Te Mauri - Pimatisiwin

JIW, Volume 4, Issue 1, 2019

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E te whānau nei rā te mihi nō Aotearoa

Greetings from Aotearoa as we celebrate the beginning of our new year, which was heralded by the rise of our beloved Matariki shining in our southern skies. This Special Issue on Data and Digital Sovereignty is timely for Aotearoa (New Zealand) and other Indigenous people around the world, as many things are happening in data, successes as well as challenges.

In Aotearoa, Māori have achieved some hard-fought for victories, such as the Government recently announcing in our favour a Wellbeing budget which provides a committed platform to address the appalling Māori statistics in all sectors experienced by whānau (families) in Aotearoa. The Waitangi Tribunal – Report Primary Health has also been released, which finds the Crown in breach of the Treaty of Waitangi. The report makes only two recommendations – modification to current legislation and the establishment of a standalone Māori Health Authority. Like these landmark changes the Special Digital and Data Sovereignty Issue that we have the honour to release provides a positive movement forward for our sovereignty and self-determination.

The Patron of Te Mauri - Pimatisiwin, Barry Bublitz (Editorial Board, International Indigenous Council Healing Our Spirit Worldwide), welcomes new research methodologies that support a global indigenous well-being approach. ‘Digital and Data Sovereignty’ may be new to him, but sovereignty or how as he likes to term it – rangatiratanga, is not. We need to embrace new innovative research models that capture and maintain Indigenous intelligence, that contributes to defining Indigeneity sources in forming a sustainable wellness approach. Barry looks forward to this special issue of Te Mauri - Pimatisiwin and the ability it will have in providing an Indigenous capability in the use of Indigenous data.

This Special Issue on Data and Digital Sovereignty also comes on the back of a disappointing breakdown from the Statistics New Zealand who revealed one in seven New Zealanders failed to fully complete the newly devised $113 million allocated online system for the 2018 Census. It has been confirmed that five per cent of responses were incomplete, equating to about 240,000 people. When added to the approximate 480,000 who missed the survey altogether, this means 700,000 New Zealanders did not complete the 2018 Census. For this reason, the integrity of the official statistics system and Stats NZ has been challenged and raised questions about what this mean for Māori in terms of equitable allocation of government resources in terms of health, education, and social needs? This reminds us of the reality that, as Indigenous people, we must stay vigilant.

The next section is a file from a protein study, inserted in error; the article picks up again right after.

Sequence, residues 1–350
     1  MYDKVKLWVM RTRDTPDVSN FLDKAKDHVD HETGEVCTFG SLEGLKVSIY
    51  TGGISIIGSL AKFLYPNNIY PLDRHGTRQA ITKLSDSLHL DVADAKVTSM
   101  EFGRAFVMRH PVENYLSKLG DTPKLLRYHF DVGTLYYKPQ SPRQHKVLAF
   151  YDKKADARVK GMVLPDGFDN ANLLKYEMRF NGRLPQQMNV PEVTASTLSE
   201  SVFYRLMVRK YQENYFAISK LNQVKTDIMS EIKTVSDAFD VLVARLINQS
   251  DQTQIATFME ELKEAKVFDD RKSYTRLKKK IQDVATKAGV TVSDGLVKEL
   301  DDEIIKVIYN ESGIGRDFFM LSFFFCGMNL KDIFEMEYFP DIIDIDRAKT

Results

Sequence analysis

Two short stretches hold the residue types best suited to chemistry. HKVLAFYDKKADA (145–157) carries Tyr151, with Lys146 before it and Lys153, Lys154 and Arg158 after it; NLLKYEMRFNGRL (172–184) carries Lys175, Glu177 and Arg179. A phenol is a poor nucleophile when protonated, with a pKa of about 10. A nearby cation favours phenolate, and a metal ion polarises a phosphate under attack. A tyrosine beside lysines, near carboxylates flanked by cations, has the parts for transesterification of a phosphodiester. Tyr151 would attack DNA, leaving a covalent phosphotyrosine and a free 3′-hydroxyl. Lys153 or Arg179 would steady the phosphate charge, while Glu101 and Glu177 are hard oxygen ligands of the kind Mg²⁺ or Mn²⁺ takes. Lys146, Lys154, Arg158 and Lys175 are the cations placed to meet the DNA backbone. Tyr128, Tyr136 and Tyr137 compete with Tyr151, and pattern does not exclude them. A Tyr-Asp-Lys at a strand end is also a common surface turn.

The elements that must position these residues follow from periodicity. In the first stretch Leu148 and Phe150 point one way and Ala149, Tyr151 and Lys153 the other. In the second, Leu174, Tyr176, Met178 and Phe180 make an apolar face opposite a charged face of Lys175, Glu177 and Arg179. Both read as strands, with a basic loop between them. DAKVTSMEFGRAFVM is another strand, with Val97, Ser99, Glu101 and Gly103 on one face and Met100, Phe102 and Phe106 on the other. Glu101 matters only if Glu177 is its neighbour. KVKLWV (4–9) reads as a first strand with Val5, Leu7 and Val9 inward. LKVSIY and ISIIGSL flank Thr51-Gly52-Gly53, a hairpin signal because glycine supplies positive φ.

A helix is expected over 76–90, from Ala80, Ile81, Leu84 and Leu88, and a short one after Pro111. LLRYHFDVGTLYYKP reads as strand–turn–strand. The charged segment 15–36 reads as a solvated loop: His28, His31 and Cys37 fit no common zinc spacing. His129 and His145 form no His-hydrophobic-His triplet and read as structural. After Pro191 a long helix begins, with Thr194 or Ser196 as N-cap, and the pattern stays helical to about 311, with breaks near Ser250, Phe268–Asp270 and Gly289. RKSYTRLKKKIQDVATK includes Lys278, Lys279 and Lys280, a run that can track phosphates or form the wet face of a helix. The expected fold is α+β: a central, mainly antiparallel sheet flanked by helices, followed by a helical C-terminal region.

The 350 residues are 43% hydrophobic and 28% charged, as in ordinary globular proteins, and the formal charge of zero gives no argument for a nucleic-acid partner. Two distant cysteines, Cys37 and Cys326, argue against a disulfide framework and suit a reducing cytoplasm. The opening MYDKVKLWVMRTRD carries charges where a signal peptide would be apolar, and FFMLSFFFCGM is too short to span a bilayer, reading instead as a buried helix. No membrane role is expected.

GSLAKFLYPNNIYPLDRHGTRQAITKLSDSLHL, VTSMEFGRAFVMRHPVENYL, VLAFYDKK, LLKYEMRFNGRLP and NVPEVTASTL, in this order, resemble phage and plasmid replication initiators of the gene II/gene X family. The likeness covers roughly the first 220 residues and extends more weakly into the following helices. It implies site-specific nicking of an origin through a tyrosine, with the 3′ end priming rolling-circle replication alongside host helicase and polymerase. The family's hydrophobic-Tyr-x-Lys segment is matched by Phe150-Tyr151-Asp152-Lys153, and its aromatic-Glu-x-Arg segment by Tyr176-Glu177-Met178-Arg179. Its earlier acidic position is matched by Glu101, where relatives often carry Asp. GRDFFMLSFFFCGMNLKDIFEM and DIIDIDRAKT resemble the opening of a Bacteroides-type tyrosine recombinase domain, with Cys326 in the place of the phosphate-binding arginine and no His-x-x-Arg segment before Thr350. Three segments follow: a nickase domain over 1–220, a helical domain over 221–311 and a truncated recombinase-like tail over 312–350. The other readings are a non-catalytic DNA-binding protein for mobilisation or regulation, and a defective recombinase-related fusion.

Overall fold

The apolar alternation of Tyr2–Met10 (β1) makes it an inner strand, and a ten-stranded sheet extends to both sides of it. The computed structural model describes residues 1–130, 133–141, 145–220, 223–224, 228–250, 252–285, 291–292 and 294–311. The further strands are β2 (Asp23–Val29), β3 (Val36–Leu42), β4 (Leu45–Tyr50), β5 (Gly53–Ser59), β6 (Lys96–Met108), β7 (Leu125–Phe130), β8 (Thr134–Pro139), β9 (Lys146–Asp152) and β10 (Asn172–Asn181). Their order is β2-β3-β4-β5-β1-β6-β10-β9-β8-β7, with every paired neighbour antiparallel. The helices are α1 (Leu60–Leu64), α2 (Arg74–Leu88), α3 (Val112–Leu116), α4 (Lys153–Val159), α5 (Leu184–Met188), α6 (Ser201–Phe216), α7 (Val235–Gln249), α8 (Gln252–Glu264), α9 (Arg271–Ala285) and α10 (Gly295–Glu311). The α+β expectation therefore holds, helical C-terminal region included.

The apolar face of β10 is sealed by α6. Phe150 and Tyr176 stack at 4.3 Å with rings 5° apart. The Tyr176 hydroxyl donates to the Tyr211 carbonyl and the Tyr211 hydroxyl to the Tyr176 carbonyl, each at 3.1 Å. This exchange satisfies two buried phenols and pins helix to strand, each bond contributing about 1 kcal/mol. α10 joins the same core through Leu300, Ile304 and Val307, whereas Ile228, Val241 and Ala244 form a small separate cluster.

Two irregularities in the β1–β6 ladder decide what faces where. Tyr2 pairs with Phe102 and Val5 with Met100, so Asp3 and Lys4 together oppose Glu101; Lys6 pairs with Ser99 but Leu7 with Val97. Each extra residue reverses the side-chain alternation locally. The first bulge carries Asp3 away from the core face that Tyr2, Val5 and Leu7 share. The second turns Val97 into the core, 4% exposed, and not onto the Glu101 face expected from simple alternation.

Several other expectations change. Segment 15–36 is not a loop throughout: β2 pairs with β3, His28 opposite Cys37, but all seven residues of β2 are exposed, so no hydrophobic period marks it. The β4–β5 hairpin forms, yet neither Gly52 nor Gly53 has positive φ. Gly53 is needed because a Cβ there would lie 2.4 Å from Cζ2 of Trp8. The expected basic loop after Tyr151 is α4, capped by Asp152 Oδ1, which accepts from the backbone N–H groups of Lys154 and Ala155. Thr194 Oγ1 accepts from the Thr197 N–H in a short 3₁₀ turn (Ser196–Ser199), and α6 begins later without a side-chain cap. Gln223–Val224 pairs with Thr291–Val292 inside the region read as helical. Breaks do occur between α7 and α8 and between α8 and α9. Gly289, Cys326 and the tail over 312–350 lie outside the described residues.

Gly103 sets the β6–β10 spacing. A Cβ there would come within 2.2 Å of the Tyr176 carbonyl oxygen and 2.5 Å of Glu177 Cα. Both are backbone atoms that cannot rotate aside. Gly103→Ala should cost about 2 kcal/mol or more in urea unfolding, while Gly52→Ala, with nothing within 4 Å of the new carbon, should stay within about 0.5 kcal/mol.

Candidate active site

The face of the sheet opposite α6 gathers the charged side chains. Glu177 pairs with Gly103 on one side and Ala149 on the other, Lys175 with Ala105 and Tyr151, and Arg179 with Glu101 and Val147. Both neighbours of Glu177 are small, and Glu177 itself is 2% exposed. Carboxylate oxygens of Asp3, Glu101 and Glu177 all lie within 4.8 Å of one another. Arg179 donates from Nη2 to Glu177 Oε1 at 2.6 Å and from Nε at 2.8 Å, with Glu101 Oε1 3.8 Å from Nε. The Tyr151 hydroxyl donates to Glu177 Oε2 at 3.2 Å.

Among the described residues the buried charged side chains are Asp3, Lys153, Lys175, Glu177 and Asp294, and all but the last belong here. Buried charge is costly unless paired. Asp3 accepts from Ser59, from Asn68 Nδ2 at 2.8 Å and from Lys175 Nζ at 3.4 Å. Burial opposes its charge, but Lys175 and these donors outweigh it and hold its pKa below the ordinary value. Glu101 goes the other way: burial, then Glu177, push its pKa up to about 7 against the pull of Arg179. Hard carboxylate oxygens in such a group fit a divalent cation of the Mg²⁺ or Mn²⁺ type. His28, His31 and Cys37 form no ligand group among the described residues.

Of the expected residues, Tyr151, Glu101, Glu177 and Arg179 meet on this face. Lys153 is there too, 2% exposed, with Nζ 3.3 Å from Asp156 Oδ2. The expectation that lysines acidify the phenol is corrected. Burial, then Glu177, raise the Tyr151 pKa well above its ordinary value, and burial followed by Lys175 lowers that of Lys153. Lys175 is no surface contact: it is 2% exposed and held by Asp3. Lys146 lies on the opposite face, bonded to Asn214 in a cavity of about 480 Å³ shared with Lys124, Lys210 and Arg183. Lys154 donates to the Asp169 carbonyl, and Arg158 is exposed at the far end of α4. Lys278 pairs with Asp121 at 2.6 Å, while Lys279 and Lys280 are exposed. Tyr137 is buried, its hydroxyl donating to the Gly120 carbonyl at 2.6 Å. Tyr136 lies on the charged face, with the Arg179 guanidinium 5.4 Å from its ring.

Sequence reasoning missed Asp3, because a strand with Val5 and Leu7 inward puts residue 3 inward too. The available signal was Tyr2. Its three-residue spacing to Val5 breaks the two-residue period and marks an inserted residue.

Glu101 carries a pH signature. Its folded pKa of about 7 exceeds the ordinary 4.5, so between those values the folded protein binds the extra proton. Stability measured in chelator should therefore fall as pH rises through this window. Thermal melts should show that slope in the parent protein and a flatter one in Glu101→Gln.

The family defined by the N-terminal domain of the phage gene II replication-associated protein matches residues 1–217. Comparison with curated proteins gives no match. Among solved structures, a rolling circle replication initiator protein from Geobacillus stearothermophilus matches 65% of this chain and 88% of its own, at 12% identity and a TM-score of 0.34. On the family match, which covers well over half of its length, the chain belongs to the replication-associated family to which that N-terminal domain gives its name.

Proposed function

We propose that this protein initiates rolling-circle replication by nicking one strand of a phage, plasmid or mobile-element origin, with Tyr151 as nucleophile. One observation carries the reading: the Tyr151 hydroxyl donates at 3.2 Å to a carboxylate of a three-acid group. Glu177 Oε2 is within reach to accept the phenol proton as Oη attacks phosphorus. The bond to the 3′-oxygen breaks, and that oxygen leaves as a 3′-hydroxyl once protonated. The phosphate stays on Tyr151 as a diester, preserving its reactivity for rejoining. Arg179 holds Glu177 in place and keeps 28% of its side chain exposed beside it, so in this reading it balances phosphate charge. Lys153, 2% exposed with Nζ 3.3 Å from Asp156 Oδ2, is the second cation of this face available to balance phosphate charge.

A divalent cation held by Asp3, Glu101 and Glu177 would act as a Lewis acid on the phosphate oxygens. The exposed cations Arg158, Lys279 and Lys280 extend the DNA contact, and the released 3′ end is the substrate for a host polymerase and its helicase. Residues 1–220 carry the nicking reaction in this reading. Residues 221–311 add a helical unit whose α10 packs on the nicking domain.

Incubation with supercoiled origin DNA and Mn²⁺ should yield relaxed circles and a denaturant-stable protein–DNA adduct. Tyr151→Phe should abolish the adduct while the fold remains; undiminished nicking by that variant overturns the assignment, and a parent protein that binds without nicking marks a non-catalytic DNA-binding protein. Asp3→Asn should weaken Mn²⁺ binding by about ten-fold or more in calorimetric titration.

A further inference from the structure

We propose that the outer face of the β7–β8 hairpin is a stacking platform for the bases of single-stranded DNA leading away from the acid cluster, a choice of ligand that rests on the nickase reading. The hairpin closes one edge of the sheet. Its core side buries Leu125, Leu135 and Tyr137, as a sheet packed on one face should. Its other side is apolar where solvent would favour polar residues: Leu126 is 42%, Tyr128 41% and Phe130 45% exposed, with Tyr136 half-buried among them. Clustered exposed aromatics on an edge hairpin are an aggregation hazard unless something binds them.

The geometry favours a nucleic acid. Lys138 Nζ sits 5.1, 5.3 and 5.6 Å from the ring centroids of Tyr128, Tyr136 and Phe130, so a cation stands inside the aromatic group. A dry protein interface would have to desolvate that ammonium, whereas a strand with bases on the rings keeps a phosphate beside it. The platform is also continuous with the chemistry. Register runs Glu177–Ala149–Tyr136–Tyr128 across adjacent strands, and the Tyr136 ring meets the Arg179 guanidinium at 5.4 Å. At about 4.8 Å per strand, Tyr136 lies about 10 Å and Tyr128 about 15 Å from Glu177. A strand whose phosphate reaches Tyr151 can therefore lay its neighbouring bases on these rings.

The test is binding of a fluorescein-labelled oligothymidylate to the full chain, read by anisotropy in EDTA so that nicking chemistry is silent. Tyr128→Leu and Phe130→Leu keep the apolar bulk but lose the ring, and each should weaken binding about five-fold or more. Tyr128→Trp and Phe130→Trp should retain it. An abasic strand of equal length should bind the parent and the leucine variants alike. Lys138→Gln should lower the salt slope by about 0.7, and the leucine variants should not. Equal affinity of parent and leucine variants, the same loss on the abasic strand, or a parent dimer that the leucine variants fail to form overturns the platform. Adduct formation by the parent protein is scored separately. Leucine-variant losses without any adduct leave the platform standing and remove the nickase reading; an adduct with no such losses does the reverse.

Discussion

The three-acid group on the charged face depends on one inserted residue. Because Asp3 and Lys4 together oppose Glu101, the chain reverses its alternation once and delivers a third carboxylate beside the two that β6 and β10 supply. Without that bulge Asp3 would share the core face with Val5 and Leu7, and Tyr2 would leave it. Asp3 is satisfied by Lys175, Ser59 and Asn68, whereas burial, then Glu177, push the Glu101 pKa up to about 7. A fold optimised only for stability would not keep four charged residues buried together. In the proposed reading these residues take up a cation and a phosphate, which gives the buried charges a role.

On behalf of the Journal team, we thank Dr Kukutai, who leads Te Mana Rauranga Māori Data Sovereignty for Aotearoa, for the insightful commentary she has provided for this issue and the clarity provided on Data Sovereignty, so those who know little about it can understand its growth and importance and acceptance of the data rights of all Indigenous people. We also thank Dr Amohia Bouton, one of our Aotearoa Editorial Board Members, for her leadership in providing the editorial for this special issue and acknowledge the wisdom of all the authors who provided submissions for this Special Digital and Data Sovereignty Issue.

Te Kete Tū Ātea: Towards claiming Rangitīkei iwi data sovereignty

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Summary findings of an exploratory data gathering exercise on Māori suicide in Te Waipounamu

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Digital and data sovereignty – Guest editorial

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Reflections on Indigenous sovereignty

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How a lifecourse approach can promote long-term health and wellbeing outcomes for Māori

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Indigenous data sovereignty in action: The Food Wisdom Repository

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Deer hunting: An innovative teaching paradigm to educate Indigenous youth about physical literacy

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